Friday, June 12, 2015

Theological Arguments for Evolution

I don't have a problem with the theory of evolution, insofar as it is considered as an explanation for the material origins of life. The diversity of life is generally explained through descent with modification - although I will add the caveat that evolution does not seem capable of explaining the non-material aspects of human nature (i.e. the human intellect).

But the arguments you often hear in defense of evolution sure make it difficult to avoid asking the question whether the scientific advocates of evolution really understand what they are doing. Jerry Coyne, in his Faith vs Fact, makes one such argument on page 33:
Further, oceanic islands like Hawaii and the Galapagos either have very few species of native reptiles, amphibians, and mammals or lack them completely, yet such creatures are widely distributed on continents and "continental islands" like Great Britain that were once connected to major landmasses. It is these facts that helped Darwin concoct the theory of evolution, for those observations can't be explained by creationism (a creator could have put animals wherever he wanted). Rather, they lead us to conclude that endemic birds, insects, and plants on oceanic islands descended, via evolution, from ancestors that had the ability to migrate to those places. Insects, plant seeds, and birds can colonize distant islands by flying, floating, or being borne by the wind, while this is not possible for mammals, reptiles, and amphibians.

What is disturbing is that the claim that the observations can't be explained by a creator isn't a scientific argument; it is a theological argument. And it's not a good theological argument at that. Since a creator could have put animals wherever he wanted, he could have put them where we have in fact found them. So the lack of mammals and reptiles on oceanic islands does nothing to disprove that a creator might have been responsible for their origin.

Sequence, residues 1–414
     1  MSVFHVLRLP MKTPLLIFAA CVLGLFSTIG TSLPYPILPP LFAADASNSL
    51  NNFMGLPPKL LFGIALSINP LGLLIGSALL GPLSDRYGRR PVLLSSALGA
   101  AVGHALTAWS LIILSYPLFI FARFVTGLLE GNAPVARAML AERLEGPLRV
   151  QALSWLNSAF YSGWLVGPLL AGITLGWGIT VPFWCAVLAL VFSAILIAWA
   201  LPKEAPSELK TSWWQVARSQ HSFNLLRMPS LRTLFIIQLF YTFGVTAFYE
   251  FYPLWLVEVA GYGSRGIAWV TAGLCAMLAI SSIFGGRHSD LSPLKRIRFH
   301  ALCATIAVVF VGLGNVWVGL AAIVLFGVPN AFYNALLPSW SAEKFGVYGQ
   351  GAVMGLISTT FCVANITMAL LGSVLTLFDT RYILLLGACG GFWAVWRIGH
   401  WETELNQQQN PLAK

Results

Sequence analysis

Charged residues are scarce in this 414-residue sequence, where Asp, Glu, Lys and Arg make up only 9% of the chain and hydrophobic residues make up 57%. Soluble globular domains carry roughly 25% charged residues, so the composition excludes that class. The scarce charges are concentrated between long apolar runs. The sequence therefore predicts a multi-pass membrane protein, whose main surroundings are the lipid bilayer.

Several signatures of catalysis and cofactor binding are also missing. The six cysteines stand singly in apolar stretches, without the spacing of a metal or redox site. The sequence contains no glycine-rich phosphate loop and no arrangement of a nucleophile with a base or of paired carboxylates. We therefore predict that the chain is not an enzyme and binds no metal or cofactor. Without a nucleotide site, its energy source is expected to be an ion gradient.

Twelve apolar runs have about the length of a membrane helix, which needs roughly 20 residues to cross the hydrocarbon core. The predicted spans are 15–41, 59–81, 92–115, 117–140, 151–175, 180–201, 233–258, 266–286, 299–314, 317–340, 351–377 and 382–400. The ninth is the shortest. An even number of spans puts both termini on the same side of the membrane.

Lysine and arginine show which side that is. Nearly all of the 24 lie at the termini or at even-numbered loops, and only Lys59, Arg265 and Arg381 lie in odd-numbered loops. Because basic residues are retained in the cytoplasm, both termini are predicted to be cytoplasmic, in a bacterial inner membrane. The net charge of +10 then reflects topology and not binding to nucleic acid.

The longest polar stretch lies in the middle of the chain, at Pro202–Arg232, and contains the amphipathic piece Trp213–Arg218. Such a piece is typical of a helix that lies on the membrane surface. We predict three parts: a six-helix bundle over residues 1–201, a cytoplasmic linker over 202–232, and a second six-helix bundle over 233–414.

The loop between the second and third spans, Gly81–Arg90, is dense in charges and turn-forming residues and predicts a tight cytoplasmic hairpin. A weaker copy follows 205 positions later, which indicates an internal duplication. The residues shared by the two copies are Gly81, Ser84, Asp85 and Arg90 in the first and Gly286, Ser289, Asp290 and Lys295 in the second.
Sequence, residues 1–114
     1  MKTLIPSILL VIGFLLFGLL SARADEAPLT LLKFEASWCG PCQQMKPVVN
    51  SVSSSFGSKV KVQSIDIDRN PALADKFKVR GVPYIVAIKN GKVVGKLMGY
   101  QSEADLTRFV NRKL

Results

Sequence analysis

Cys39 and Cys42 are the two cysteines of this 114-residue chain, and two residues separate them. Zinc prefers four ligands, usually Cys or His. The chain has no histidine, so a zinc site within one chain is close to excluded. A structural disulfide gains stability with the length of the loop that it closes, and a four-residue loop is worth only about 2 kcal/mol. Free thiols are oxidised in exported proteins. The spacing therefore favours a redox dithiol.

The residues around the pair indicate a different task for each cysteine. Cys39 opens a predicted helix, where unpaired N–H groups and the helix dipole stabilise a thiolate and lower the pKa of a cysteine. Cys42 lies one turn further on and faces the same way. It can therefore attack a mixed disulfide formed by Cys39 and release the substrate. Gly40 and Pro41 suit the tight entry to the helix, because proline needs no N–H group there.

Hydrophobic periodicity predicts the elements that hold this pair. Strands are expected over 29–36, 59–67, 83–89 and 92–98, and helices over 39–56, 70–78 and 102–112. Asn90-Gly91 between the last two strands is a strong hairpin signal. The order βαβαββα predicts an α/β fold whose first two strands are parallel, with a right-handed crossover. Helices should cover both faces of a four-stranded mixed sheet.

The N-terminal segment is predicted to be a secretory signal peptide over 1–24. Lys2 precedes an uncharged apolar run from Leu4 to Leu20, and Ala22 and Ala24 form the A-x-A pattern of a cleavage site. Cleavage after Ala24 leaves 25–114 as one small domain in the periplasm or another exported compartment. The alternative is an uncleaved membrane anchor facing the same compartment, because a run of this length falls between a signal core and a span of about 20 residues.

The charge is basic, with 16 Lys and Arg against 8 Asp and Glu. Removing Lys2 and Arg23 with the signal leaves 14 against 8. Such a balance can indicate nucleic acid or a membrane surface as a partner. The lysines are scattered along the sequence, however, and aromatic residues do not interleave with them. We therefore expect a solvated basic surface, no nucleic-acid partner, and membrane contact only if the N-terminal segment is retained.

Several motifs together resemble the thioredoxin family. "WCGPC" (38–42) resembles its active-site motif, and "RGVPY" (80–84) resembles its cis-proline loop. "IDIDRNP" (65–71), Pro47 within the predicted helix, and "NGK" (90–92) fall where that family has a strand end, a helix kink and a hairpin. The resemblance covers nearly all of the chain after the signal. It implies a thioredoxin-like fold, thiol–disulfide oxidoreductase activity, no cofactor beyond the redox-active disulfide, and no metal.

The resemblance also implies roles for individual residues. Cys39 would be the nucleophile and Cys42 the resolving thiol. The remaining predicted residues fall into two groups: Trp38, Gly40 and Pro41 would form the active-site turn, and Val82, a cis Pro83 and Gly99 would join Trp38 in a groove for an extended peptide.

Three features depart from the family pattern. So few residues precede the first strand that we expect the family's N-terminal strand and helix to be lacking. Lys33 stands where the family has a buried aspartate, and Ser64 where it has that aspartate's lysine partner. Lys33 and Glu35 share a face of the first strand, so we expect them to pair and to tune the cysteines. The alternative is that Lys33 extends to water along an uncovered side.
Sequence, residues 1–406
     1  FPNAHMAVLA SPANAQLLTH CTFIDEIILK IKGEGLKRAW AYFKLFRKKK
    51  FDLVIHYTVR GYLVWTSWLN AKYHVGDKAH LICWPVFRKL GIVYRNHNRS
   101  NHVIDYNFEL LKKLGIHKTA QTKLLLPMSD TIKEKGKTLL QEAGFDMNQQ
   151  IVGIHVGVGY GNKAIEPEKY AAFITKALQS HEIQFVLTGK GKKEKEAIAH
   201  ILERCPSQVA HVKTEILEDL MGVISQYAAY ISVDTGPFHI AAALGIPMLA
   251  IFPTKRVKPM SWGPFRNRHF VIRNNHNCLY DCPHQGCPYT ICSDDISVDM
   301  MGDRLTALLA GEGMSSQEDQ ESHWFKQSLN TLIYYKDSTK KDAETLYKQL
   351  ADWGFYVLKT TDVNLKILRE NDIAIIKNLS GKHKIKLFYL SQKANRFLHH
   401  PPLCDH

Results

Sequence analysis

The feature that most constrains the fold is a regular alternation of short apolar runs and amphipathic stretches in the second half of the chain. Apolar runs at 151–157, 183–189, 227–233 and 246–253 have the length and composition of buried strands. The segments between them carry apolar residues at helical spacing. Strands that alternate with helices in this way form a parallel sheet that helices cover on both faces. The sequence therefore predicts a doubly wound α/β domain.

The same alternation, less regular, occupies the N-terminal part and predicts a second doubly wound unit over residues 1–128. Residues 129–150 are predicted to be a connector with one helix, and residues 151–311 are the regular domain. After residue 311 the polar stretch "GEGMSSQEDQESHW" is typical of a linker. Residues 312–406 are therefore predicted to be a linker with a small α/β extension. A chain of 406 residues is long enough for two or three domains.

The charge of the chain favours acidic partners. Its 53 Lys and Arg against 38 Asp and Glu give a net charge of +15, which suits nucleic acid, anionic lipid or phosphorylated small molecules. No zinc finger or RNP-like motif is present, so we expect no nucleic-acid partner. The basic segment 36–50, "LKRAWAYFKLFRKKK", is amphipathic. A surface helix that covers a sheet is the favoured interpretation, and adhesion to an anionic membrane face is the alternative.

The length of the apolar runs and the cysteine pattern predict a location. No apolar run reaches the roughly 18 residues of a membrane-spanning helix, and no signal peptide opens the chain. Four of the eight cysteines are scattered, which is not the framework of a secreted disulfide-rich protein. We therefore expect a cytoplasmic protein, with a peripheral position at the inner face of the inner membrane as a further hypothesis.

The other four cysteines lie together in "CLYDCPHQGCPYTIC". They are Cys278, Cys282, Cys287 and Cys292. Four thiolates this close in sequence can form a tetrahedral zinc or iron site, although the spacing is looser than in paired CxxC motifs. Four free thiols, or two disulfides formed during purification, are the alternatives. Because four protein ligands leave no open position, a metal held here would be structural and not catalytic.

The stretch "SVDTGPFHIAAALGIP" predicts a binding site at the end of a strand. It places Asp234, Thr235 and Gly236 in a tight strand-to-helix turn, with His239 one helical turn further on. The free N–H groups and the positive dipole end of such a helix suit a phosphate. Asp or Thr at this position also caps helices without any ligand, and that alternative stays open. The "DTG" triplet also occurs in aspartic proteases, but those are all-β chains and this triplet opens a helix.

That does nothing to diminish the fact that the distribution of animals is very suggestive of the evolutionary scenario Coyne offers. If he had kept to that argument, and left out the lame theological argument, his case would be more persuasive. For adding a theological argument to a case that is supposed to be purely scientific suggests to the reader that Coyne doesn't really understand the difference between theology and science.

Stephen Jay Gould used to do a similar thing, deploying theological arguments in an allegedly scientific case for evolution. His favorite was to argue that bad biological design (from our perspective) was proof of evolution, since a creator would never make what appears to us to be a poorly designed creature (this is a broad paraphrase of Gould's original argument, which I am quoting from memory).  Again, this is a bad theological argument, or at least an unsupported one, since Gould never gave any arguments as to why a creator would never create apparently poorly designed creatures. But the real point is the same with Coyne - the very scientists who are most insistent on keeping religion out of science insist on making theological arguments in support of their biological theories.

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